• Aarnio-Linnanvuori, Essi (Helsingin yliopisto, 2018)
    This doctoral dissertation discusses environmental education integrated into social school subjects and the challenges of teaching a cross-curricular, value-laden topic, with a data-set consisting of school textbooks and teacher interviews. The study concentrates on environmental education in school subjects of Lutheran religion, secular ethics, history, social studies, and geography. This is a qualitative study, where the main analysis methods were abductive content analysis and phenomenological analysis. The findings reveal difficulties in constructing suitable environmental subject-matter for social school subjects, originating from the wicked nature of environmental problems, especially climate change. The analyzed textbooks gave little space for environmental issues, and they included inaccurate information. Both textbook authors and social subject teachers seemed to have difficulties in recognizing the specific environmental content of their own disciplines. However, some interviewees had found such perspectives to environmental issues that draw on their discipline, and were able to use it for promoting critical thinking. Enthusiasm towards the topic and professional agency seemed to promote success in interdisciplinary education. The interviewees presented different perspectives to teaching value-laden issues. Some preferred neutrality, some aimed for plurality in educational discussion, and some preferred educational advocacy. Self-confidence and an identity as a value educator seemed to support pluralist education and educational advocacy. In addition, the findings support the view that that environmental education often concentrates too much on promoting insignificant individual behaviors. Even though the interviewees were well aware of significant environmental behaviours, they viewed their pupils’ range of action possibilities as narrow. Current school practices and traditions do not support environmental action integrated in school work. Based on the results, I suggest that collective responsibility be promoted in environmental education, and practitioners should develop easy options for youth participation. Key words: environmental education, interdisciplinarity, crosscurricular education, environmental responsibility, critical thinking, environmental citizenship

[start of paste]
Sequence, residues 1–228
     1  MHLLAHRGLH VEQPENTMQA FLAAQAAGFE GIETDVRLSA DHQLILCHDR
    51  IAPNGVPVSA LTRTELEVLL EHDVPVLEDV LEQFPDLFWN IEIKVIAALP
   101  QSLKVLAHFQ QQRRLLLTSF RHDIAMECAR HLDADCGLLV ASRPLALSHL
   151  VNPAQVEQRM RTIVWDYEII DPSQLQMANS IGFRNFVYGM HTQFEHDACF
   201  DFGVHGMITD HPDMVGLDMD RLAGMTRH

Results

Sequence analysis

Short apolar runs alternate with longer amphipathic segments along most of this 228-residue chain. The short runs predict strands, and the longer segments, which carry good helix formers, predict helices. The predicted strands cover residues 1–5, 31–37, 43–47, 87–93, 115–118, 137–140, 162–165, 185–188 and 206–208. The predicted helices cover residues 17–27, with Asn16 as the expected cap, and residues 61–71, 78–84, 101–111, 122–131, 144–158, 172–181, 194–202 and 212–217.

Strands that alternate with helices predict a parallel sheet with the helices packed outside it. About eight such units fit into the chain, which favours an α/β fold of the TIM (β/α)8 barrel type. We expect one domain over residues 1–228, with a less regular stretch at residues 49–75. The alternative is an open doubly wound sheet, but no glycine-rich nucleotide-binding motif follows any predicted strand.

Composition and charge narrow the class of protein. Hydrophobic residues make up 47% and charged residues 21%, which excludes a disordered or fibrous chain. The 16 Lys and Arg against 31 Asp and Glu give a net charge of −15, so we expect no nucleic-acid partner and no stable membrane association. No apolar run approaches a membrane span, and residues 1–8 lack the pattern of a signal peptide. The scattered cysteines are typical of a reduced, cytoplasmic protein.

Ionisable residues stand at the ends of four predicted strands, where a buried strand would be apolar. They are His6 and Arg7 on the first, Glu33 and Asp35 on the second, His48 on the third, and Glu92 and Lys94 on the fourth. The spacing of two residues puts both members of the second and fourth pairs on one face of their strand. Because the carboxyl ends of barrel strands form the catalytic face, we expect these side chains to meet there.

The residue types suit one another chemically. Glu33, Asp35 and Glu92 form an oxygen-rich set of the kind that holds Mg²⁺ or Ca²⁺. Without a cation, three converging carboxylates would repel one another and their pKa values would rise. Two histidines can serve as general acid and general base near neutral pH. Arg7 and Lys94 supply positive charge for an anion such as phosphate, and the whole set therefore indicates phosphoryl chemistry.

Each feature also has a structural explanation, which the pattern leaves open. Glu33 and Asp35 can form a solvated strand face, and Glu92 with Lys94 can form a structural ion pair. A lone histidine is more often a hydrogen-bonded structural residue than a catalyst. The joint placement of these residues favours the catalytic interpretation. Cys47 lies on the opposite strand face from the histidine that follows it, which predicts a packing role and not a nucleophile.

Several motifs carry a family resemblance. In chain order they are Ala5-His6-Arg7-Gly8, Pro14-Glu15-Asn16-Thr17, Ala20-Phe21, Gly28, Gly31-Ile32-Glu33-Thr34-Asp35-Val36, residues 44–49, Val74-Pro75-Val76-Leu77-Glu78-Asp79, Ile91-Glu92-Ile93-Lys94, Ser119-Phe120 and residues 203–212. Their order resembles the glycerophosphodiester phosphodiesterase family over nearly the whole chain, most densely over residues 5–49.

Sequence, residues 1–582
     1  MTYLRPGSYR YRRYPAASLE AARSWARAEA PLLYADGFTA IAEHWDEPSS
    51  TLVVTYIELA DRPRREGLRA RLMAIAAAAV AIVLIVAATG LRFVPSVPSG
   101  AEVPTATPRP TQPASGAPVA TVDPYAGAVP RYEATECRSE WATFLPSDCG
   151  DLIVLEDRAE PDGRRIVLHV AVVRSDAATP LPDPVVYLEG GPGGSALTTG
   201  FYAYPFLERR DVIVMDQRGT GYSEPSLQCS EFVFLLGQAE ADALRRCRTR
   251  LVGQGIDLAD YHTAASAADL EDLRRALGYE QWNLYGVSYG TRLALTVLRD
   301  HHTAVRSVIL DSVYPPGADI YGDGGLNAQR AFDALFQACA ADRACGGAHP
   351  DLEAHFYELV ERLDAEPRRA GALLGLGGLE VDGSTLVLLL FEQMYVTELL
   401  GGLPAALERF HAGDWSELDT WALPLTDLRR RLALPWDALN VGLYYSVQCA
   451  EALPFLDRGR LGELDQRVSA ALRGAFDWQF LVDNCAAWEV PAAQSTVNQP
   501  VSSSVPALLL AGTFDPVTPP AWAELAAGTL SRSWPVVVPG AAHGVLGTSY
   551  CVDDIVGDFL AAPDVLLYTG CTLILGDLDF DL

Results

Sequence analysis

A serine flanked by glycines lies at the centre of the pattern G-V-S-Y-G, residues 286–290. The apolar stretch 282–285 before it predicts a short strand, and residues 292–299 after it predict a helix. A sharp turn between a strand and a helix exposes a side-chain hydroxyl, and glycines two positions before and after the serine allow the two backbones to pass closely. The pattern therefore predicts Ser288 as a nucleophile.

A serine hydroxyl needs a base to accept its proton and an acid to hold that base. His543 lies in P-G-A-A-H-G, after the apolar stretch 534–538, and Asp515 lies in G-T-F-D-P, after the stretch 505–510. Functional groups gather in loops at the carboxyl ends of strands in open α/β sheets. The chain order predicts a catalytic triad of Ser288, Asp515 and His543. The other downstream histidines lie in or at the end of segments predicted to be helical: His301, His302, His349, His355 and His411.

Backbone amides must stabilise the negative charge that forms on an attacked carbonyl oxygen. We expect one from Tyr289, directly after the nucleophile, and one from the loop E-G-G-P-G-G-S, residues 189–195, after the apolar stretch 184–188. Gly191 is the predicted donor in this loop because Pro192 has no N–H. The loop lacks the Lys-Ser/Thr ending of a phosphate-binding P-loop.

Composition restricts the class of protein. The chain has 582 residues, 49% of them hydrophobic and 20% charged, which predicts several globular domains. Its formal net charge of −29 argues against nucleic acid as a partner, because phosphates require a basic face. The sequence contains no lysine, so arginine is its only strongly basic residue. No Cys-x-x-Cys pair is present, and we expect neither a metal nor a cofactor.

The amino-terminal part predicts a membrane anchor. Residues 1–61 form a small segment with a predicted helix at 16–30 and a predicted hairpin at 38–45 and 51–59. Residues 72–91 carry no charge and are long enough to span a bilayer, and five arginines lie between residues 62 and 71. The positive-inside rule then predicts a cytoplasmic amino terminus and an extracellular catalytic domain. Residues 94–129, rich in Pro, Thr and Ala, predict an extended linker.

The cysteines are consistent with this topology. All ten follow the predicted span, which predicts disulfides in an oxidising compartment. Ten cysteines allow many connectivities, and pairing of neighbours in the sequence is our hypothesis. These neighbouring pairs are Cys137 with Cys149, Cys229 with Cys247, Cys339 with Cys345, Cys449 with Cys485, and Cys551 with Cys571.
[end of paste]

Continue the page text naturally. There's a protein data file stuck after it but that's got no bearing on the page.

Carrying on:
• Raissadati, Alireza (Helsingin yliopisto, 2018)
    Heart transplantation is often the last resort for end-stage heart disease. Despite increasing success in this medical field, transplant recipients remain at significant risk for both early and late allograft failure. The cascade of events leading to heart transplant rejection are initiated by donor brain death, progress throughout ex vivo preservation of the organ, are exacerbated during reperfusion, and culminate in cardiac allograft vasculopathy (CAV). The aim of this thesis was to evaluate the efficiency of adeno-associated virus (AAV) as a vector for gene therapy of the heart transplant, elaborate on the role of vascular endothelial growth factor B (VEGF-B) in heart transplant ischemia-reperfusion injury (TX-IRI) and hypoxia-inducible factor (HIF) in the inflammatory properties of allograft-infiltrating myeloid-derived cells. The long-term kinetics and safety of AAV serotypes 2, 8, and 9 were evaluated by perfusing the coronary tree of rat heart transplants with each serotype and comparing the reporter gene expression at set time-points and inflammatory response at the end-point of the study. We studied the role of VEGF-B in ischemia-reperfusion injury of cardiac allografts by transgene- and AAV-mediated overexpression of VEGF-B in rat cardiac allografts. The significance of HIF as an immunoregulatory switch in myeloid-derived cells was determined by using transgenic mice with myeloid cell-targeted activation or knock-out (KO) of HIF-1α and -2α as heart transplant recipients. We found that AAV2 was most effective in transducing heart transplants after intracoronary injection, whereas AAV9 was most effective when injected systemically into the transplant donor. Adeno-associated virus serotype 9 caused a mild inflammatory response in cardiac allografts, whereas AAV2 and 8 did not. Chronic, but not short-term, VEGF-B overexpression in rat cardiac transplants resulted in cardiomyocyte hypertrophy and higher energy demands, with subsequent higher susceptibility towards TX-IRI. HIF-1α and -2α activation in recipient myeloid cells established an immunoregulatory phenotype that significantly suppressed both TX-IRI and acute rejection and prolonged allograft survival. Our results highlight the importance of the route of administration on heart transplant AAV gene therapy and suggest AAV2 as the preferred vector for intracoronary perfusion and AAV9 for systemic delivery in experimental rat heart transplant models. Vascular endothelial growth factor B may regulate heart energy demand and thus might play an important role in transplant ischemic tolerance. Hypoxia-inducible factor-1α and -2α act as important switches for the immunoregulatory phenotype of myeloid cells, and may offer a viable therapeutic target to alleviate allograft rejection.
  • Svensson, Jonas (Helsingin yliopisto, 2017)